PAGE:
Log in with your email address username.

×

Important notice

doctorportal Learning is on the move as we will be launching a new website very shortly. If you would like to sign up to dp Learning now to register for CPD learning or to use our CPD tracker, please email support@doctorportal.com.au so we can assist you. If you are already signed up to doctorportal Learning, your login will work in the new site so you can continue to enrol for learning, complete an online module, or access your CPD tracker report.

To access and/or sign up for other resources such as Jobs Board, Bookshop or InSight+, please go to www.mja.com.au, or click the relevant menu item and you will be redirected.

All other doctorportal services, such as Find A Doctor, are no longer available.

General practitioner-referred magnetic resonance imaging for musculoskeletal conditions: not a substitute for plain x-ray

- Featured Image

To the Editor: In November 2012, the Australian Government extended requesting rights for Medicare-eligible magnetic resonance imaging (MRI) scans to general practitioners for “a small set of clinically appropriate indications”1 in patients under the age of 16 years. The purpose was

avoiding exposure of children to unnecessary radiation associated with other types of diagnostic imaging like computed tomography (CT) scans.1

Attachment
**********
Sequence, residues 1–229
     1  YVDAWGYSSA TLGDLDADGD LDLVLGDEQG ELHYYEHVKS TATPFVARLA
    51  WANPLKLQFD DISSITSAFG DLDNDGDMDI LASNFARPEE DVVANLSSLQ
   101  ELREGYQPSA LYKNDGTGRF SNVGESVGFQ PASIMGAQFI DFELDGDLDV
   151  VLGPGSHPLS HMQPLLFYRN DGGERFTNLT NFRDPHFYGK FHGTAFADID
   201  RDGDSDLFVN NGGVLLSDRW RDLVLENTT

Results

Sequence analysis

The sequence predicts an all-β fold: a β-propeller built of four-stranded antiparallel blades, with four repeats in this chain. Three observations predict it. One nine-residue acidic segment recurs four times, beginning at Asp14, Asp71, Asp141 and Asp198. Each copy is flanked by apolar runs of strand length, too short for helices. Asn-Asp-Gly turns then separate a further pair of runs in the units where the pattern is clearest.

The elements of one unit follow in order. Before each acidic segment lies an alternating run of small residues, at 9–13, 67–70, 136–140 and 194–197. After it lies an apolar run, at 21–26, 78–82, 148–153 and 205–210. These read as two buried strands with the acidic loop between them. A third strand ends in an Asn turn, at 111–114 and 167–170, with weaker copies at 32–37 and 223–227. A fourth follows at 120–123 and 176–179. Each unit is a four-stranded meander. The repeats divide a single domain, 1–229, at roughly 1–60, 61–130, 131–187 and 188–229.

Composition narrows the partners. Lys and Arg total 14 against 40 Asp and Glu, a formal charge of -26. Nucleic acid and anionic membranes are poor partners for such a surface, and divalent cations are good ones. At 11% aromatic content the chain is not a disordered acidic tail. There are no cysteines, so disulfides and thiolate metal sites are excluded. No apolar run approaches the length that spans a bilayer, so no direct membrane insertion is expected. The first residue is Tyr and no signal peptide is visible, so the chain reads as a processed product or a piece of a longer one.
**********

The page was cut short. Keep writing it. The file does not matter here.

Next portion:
With musculoskeletal MRI, a Medicare-eligible scan is performed “following radiographic examination”.1

Plain x-ray, rather than MRI, remains the gold standard for diagnosing most musculoskeletal conditions in children, and we report two cases where the initial use of MRI rather than x-ray led to a delay in diagnosis.

First, an 11-year-old girl was investigated for a 3-month history of left knee pain and locking. An ultrasound and MRI scan (Box 1, A) were performed, although an x-ray was not done. As no cause for the symptoms was identified on the ultrasound or MRI, the patient was referred to an orthopaedic surgeon, who requested an x-ray (Box 1, B). This showed a large proximal tibial spur tethering the semitendinosis tendon. This…

email